AV: So the thesis I had was these individuals, of whatever category – I call them ‘misfits’ in a positive sense – and I’m part of that group. Every day I meet so many, and we all share a common bond. I found the only way to really understand these people is to understand the context of who they are. Because the traditional automated approach was too driven by rules and structure. Nothing wrong with it, but in the ’50s and ’60s that’s what the technology allowed you to do. ‘If so, then do this’. Very linear.

But I found the human brain is really powerful. It’s able to learn context and figure out the situation and circumstances of an individual: they’re self-employed but they’re a freelancer, they have this great skill set. If you add all those circles up together you get to a really great point. How do you bring the power of human intelligence into decision-making at scale? And I think that’s the curve we’ve been looking at as a company to explore. How do you bring together the power that human intelligence does, adding context and understanding smaller nuances, but in an algorithmic, technology-scalable manner? So in the long run, I am trying to replicate what the human brain can do, at least in the narrow context of credit.

A lot of the tech we use ‘under the hood’ is various forms of machine intelligence trying to figure out how to take a smarter and more contextual look at the consumer that’s in front of you. There are various buzzwords around and various forms of AI that all get looped in. And actually, this is the past experience of some members of the team. We do want to leverage that tech, and that’s what allows us to build this algorithmic approach.

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VM: I was thinking about your company name, Aire, and wondering where it came from? How did you decide on it?

AV: I wanted a name that felt very non-financial, that wouldn’t scare people. Like ‘Credit scoring systems’ would scare people away. And I wanted it to be very natural. I was looking at various short, small words, and Air was also an acronym I was using for this project, a rough approximation of what it is, and then we added an ‘e’. We like it now, and it strangely translates in many languages to something fresh and clean and is almost as essential to your life – air – as what we think credit is to your financial life.

All of us are deeply aligned with what we’re trying to solve. This is what we care about and for some of us, this is deeply personal. There are a lot of small nuances to it, so a lot of my job is to make sure that this is within the budget and means that we have.

VM: Who are the people you specifically had in mind when you were trying to work things out?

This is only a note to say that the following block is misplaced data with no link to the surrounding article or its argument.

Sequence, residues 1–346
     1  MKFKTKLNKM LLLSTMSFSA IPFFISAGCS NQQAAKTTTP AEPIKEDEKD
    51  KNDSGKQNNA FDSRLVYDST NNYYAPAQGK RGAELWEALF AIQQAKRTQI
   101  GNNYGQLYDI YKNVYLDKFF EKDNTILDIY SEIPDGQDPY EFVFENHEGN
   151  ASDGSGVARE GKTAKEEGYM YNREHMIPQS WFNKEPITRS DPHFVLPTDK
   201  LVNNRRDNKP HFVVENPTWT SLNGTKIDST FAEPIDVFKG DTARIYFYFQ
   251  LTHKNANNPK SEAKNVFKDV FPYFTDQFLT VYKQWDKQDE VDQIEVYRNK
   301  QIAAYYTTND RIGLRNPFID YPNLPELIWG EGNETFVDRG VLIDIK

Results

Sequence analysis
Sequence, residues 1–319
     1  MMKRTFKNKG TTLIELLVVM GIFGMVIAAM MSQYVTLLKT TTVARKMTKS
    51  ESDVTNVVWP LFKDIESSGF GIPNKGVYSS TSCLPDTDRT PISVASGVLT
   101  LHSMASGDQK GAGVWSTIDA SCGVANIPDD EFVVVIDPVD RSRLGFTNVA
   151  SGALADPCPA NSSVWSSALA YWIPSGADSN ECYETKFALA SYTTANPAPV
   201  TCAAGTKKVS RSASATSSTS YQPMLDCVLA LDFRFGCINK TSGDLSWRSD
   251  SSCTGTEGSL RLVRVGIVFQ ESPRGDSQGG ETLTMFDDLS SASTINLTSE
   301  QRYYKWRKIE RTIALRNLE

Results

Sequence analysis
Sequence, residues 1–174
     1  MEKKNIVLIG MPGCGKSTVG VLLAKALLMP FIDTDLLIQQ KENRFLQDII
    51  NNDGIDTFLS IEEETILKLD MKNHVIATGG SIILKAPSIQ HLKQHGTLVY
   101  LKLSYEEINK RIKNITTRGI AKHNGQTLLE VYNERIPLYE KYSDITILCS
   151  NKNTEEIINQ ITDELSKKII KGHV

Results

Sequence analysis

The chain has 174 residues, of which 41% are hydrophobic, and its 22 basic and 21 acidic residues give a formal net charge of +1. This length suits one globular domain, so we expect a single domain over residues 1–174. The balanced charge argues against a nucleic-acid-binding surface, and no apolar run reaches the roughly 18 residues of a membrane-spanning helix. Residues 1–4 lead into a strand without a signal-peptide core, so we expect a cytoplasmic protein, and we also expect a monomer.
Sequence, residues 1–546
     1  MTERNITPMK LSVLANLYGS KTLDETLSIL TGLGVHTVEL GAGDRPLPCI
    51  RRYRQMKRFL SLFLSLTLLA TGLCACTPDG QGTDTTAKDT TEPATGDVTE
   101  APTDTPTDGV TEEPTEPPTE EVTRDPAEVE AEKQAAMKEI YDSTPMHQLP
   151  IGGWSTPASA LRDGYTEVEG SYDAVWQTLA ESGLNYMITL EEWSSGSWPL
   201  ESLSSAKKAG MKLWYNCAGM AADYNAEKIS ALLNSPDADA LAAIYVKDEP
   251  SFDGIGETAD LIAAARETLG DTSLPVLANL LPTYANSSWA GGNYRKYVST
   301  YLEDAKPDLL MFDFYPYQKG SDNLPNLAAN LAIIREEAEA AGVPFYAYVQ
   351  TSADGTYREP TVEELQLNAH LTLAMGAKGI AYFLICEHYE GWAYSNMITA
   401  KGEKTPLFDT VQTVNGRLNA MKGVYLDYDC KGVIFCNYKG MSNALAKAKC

AV: I guess it still reflects back to your personal incidents. What you know really well resonates if it’s part of your thesis. The few of brackets I fell into were obviously narrowed down to ‘migrant’. I was new to the country. A person who’s moving around, a global nomad, I like to say. I’d been a founder of a company, so in most cases, you’re classified as a self-employed person. I found that’s a growing population that’s constantly being told no. So those two areas consistently came up for me.

And as we’ve been spending more and more time researching, we’ve found there are a couple of other categories. Some of them you really feel sad for. We see people who are off serving their country in the armed forces perhaps. When they come back 5-6 years later, their history has evaporated. It’s shocking. Another category is recent divorcees. That’s interesting because everything was in the name of your spouse. Twenty years later, sadly, this person’s out on the market by themselves and they’ve been going through a tough time solving the divorce, and now the financial system’s messing them around.

VM: That’s really socially shocking, to hear those types of things are happening. Keeping to the social activism side of things, the meaning of social delinquent for this edition of XXY is slightly different to the norm. We see it as creatives who are breaking social boundaries or using their craft as a platform for what they believe in. How do you feel about being labelled as one?

AV: It’s an interesting word. Like I said, we use the label ‘misfits’ and that can have positive and negative connotations. It’s a word that creates conversation. I think because I see this as a new world reality, I see a lot more of us trying to fight for what we need. I started this as an activist customer who just wanted to get this stuff solved for me. And then I realised there were more people like me. The more people I met, the more inspired I was.

And I believe that if you’re going to build a revolution, what you need to do isn’t to convince everybody. What you need to start with is a highly motivated group whose members really get it and can organise themselves really well. Because their power and their collaboration leads to the movement and that creates the spark. That’s really much more important to me. It does add a reason for you to come to work every day.

Words and direction by Vanessa Moore,

Features Editor

Photographs taken by Ieva Lasmane

Location and looks: Aire’s Shoreditch offices and Aneesh Varma’s own